Geography was one of my favorite subjects in school so naturally I wanted to incorporate that into our homeschool. For some reason, I loved looking at maps and learning about other places, but not all of our kids had the same curiosity about it. I wanted to make Social Studies fun through experience so I decided we’d learn about other countries by getting the kids involved.
I’d decide on the country we were going to study and cut out pictures from old magazines like National Geographic and learn about the terrain and people, their basic way of life; superstitions, culture, beliefs, climate, population, and economy (fishing, manufacturing, etc.). Then I’d suspend all other subjects for the day unless they somehow fit into the country we were learning about. I’d then continue it into mealtime and proclaim it “International Night” to expose our family to that specific country’s cuisine.
When we studied Switzerland, for example, we learned about the capital city, looked at pictures of the Alps, read about life in the mountains, learned about their neutral role in WWII, and appreciated the beauty and hazards of the climate there. When mealtime came, they’d learned Switzerland was also known for its varied flavors of cheeses. So, I served a wheel of cheese wedges made in Switzerland that was available at the local grocery store. Each small triangular wedge was individually wrapped in foil with the name of the cheese on it. I’d announce the kind of cheese it was and cut it into small bits so each of us could have a taste. Some were wonderful! However, the kids were quick to make a distasteful face at others which only added to the fun.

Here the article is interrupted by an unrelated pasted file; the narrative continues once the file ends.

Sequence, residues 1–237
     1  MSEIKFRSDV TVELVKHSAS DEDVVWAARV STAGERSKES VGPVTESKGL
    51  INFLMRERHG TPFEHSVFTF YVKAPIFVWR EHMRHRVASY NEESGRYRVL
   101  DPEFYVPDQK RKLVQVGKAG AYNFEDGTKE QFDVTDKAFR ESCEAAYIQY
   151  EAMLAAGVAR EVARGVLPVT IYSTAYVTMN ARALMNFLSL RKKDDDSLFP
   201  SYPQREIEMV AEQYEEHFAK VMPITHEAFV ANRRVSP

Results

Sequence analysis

For Norway, we learned about the fiords, fishing, and the gorgeous terrain. When someone asked if Norwegian Elkhounds came from there, we found out. We learned about traditions and at mealtime, we ate “kippers” and crackers and laughed at the funny comments about the fish staring at us.
In our study of Germany, of course the tragedy of WWII and the holocaust needed to be included. However, not wanting to leave such extreme sadness in their thoughts, we also discussed German Shepherds and the lack of speed limits on the autobahn, the German highway. The kids learned how to count to ten in German, and included in our meal was “spatzel”, a type of dumpling my German grandmother made me as a child.
Italy included beautiful scenery of the countryside, winemaking, pictures of infamous statues, paintings, and architecture, and an introduction to composers. Of course, we couldn’t study Italy without eating pasta.
Whatever country we discussed, I always used maps and globes. Actually seeing where a place was located was extremely important because the culture was almost always dependent on its borders and climate. Terrain was also crucial whether it was mountainous, desert, or tropical, while shorelines meant a source of marine life for food or trade.
Our family had the privilege of traveling the world through study while learning some wonderfully informative things, but the best part was we had a ‘tastefully’ great time doing it together!